With their tangy citrus punch and decadent tad of a topping, orange cardamom cookies are tasty and cute. Photos: Moriah Van Vleet

Not long ago I found myself standing in my kitchen, pondering the exquisite versatility of cardamom, an ingredient I’d tasted as it splendidly sang in both savory and sweet treats alike. Before I knew it, I added a heap of the spice to a soft, shortbread-like dough, paired it with tart orange, and topped it off with a drizzle of dark chocolate. The result was magnificent, and now I can hardly imagine a winter without my treasured ritual of creating these cookies.


 Orange cardamom cookies (makes about 50 small cookies)

– 1/2 cup granulated sugar
– 2 cups flour
– 1/2 teaspoon salt
– 1 tablespoon ground cardamom
– 1 cup unsalted butter at soft room temperature
– finely grated zest of one orange
– 1/2 cup orange marmalade
– 1/2 cup dark chocolate, either coarsely chopped or in the form of chocolate chips


Preheat oven to 325 F. Line cookie sheets with parchment paper; set aside. In a large bowl, sift together the flour, sugar, salt and cardamom. Add the butter, mixing dough until consistency is even and it sticks together (using your hands can be easiest). Fold in the orange zest until evenly distributed. Using about a scant tablespoon of dough per cookie, make balls of dough and place them 1.25″ apart from one another on the lined cookie sheets. Push index finger into center of each ball, using other hand to brace cookie and prevent it from cracking. Freeze the cookies for a few minutes, then fill holes with marmalade until heaping (using a pastry bag or plastic bag with its corner cut off is easiest). Bake for 20 minutes. Once cookies have cooled to room temperature, carefully melt the chocolate until just smooth, then drizzle it over the cookies using a fork. Let chocolate cool until hardened, then devour.  Keep cookies cool in an airtight container for up to a week.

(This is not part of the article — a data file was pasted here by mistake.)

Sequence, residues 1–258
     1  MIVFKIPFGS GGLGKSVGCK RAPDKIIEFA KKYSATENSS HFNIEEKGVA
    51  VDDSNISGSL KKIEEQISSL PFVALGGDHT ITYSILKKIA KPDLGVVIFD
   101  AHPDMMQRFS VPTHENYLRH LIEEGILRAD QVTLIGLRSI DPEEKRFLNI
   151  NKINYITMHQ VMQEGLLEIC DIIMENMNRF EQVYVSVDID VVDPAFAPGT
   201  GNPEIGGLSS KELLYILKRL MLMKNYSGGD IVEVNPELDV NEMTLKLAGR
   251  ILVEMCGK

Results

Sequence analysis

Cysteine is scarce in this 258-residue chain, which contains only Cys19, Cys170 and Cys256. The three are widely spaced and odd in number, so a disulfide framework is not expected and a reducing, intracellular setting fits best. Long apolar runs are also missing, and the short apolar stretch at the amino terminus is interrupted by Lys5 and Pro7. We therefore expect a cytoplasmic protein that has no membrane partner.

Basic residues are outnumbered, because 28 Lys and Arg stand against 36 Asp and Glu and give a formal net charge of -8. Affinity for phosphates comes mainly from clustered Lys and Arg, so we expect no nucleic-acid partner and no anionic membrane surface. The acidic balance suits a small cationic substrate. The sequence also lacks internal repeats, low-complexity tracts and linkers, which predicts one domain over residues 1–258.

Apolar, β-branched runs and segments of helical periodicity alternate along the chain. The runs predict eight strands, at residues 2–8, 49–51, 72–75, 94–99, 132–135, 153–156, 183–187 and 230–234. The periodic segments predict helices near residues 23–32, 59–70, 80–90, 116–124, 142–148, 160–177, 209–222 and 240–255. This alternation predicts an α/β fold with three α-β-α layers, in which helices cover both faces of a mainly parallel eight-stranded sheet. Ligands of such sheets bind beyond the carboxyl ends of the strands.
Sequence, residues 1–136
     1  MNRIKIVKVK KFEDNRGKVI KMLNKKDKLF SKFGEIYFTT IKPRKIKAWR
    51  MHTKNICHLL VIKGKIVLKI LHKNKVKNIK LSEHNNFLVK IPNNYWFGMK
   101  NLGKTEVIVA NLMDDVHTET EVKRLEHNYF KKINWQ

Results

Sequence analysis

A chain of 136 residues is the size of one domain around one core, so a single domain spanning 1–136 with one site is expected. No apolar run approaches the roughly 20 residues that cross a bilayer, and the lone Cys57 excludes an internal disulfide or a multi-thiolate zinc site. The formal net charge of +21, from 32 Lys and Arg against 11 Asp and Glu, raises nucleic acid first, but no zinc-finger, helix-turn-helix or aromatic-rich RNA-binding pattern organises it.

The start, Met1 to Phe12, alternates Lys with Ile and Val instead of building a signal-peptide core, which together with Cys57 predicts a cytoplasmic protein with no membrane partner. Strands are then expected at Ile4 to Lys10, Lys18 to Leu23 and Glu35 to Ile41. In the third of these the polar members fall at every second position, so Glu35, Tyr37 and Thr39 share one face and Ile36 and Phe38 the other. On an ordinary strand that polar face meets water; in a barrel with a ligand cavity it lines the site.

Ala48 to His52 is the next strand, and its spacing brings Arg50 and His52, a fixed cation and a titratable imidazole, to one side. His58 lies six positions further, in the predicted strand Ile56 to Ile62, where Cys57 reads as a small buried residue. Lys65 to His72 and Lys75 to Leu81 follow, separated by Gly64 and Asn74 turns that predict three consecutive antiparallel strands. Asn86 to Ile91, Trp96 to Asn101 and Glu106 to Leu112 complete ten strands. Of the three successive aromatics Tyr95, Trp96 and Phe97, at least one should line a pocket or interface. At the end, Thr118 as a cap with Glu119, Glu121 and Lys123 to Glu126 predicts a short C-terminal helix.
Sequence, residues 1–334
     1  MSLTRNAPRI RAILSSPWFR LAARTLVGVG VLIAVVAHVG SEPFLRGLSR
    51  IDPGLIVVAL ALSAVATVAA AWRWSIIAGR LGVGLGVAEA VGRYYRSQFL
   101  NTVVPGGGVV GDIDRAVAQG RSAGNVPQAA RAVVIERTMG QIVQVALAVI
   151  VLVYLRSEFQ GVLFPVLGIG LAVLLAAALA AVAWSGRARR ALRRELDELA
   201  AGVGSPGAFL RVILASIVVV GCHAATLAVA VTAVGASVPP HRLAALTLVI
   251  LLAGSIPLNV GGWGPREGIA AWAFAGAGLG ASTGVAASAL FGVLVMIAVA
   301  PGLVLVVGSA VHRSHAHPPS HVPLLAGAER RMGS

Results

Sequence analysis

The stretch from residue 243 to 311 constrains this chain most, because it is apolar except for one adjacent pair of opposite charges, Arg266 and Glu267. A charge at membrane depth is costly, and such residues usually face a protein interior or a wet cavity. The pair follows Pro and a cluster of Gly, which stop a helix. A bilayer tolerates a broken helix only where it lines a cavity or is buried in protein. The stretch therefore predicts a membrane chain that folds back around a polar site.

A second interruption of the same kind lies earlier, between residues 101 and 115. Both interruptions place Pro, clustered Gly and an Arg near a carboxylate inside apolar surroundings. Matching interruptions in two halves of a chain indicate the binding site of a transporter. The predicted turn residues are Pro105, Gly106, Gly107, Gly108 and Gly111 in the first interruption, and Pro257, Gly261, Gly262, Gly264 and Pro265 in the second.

With their distinctive spice, tangy citrus punch and decadent tad of a topping, orange cardamom cookies bestow not only fragrant succulence but also gem-like beauty. Soft and crumbly with a chewy center, the variety of texture and flavor in each bite is a salute to the very versatility that inspired them.

Moriah VanVleet is the voice behind Butter Sugar Flowers where this post first appeared.

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Freelancer Moriah VanVleet is the voice behind butter, sugar, flowers, a blog she started in 2011 to showcase her original (and often unusual) dessert recipes. Her creations have since been mentioned by...